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An assessment of the response to treatment for Paget's disease should take place between 3 and 6 months after treatment has been completed. 

An annual ALP can help monitor the condition.


In cases where bisphosphonates are not recommended, calcitonin injections may be considered to treat bone pain in Paget’s disease.


The most widely used biochemical marker to aid diagnosis of PDB is serum total alkaline phosphatase (ALP), which is typically elevated in active PDB. It should be noted that Paget's disease can be active and yet the alkaline phosphatase (ALP) may remain within the normal range, particularly if the area involved is small.

The condition has characteristic features on x-ray (summarised in Box 1). Individually, these features are not specific, but when they occur in combination, they are usually diagnostic. 


When and Why GPs should Refer to a Specialist


The overall frequency with which complications occur in PDB is unknown but when they occur, surgical treatment is often required. Medical treatment with bisphosphonates is seldom effective at treating complications of Paget’s disease when they are established. 


Decisions to treat Paget’s disease should be made by a specialist, on an individual basis. 


Paget's Guideline

A clinical Guideline, for the Diagnosis and Management of Paget’s Disease of Bone in Adults, was commissioned by the Paget's Association and published in 2019, in the Journal of Bone and Mineral Research. It has been endorsed by the European Calcified Tissues Society, the International Osteoporosis Foundation, the American Society of Bone and Mineral Research, the Bone Research Society (UK), and the British Geriatric Society. 


Case 1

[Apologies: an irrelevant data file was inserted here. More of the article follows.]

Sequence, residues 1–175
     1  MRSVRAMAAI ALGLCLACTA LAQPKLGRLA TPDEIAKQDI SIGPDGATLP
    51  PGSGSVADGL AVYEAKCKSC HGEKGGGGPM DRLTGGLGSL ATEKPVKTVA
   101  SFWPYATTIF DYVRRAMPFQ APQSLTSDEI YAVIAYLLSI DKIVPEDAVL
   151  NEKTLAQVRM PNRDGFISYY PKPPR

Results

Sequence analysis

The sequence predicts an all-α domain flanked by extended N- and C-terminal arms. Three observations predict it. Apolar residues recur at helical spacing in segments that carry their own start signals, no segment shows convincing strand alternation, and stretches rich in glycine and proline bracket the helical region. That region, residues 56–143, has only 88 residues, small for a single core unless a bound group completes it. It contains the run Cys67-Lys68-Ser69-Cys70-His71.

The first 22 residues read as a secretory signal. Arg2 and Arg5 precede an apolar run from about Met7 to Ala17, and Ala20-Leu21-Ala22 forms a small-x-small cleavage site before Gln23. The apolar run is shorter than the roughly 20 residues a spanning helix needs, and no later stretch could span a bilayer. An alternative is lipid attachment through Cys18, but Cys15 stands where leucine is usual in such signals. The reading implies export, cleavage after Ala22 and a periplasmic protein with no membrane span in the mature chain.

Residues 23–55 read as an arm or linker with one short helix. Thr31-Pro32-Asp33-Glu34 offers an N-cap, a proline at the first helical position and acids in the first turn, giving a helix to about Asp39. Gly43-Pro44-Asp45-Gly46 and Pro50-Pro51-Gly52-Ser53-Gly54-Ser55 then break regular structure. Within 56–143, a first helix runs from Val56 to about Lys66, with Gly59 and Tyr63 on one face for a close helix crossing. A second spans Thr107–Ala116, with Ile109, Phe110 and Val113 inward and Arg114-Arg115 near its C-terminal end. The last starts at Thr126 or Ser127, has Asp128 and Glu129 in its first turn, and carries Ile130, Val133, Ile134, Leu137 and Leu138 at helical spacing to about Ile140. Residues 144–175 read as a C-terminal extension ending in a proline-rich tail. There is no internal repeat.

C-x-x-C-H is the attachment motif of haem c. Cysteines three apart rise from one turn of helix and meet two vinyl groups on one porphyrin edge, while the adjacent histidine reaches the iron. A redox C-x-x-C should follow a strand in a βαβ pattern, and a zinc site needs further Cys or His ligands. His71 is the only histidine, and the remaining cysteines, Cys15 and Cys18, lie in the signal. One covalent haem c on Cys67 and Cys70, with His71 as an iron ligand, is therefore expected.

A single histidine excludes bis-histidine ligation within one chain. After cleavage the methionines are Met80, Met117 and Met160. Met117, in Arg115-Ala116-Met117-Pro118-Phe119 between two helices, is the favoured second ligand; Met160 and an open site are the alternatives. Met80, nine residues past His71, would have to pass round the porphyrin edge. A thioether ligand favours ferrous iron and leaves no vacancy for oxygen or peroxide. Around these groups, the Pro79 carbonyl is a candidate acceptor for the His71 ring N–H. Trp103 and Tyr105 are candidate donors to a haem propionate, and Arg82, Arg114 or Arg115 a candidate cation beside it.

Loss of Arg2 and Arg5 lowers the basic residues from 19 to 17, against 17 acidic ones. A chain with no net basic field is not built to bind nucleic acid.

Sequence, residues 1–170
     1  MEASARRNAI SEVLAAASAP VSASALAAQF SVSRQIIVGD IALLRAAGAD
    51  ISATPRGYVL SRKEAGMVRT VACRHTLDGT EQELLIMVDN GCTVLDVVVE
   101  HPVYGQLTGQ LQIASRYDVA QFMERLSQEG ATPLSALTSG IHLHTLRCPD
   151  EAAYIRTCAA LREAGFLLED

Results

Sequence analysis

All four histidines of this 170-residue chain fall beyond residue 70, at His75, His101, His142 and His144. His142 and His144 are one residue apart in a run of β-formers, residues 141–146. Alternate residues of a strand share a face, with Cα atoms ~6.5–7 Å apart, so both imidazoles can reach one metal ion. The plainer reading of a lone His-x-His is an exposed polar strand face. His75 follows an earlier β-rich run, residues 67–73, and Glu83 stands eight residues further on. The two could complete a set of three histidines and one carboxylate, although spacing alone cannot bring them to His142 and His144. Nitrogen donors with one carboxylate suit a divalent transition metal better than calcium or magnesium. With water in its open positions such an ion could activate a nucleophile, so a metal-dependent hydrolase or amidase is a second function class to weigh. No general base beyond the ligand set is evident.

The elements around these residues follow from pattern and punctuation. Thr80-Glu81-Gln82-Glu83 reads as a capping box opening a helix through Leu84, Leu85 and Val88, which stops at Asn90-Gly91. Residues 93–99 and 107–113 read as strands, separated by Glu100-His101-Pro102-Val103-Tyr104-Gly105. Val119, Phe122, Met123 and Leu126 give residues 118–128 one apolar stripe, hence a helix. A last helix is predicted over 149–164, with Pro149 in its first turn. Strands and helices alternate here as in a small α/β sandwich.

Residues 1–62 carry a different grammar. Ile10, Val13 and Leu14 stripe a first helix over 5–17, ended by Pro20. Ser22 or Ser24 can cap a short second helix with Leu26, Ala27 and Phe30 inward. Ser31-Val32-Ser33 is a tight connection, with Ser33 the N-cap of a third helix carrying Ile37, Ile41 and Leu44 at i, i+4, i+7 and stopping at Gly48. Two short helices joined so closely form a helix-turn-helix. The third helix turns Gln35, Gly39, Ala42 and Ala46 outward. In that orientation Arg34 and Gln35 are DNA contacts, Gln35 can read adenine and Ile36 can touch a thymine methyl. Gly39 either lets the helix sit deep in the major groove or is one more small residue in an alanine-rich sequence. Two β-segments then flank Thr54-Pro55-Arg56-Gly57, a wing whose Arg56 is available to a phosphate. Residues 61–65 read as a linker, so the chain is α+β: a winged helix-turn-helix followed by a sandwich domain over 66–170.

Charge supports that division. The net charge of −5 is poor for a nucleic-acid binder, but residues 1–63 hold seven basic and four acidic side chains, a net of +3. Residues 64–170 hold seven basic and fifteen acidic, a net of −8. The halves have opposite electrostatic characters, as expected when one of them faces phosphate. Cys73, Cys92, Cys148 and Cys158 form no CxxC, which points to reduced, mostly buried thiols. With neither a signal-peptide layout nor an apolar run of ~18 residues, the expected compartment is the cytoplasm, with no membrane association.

A 67-year-old man with pain in his right hip

Presenting Complaint
A 67-year-old man attended his GP complaining of pain in his right hip. It was present at rest and became slightly worse on walking. His general health was good. He was taking lisinopril 10mg daily for hypertension; atorvastatin 10mg daily for high cholesterol; and paracetamol 1-2g daily for pain.



  • Intravenous treatment with zoledronic acid is usually the first consideration, as it acts quicker and lasts longer, however, treatment can be given orally using Risedronate.

  • The most commonly used oral treatment is 30mg of risedronate sodium, daily, for two months.

  • If necessary, the course can be repeated. 



Pamidronate is an effective treatment but has largely been superseded by zoledronate (zoledronic acid) which lasts longer and is easier to administer.

Pamidronate is given in several doses, intravenously and repeated when necessary, depending on symptoms. Doses can vary, but commonly 60mg is given by an infusion and this is repeated on 3 consecutive days.

Pamidronate: given intravenously over 2-4 hours.  Dosage (60 – 90 mg) and frequency will depend on the severity of symptoms.



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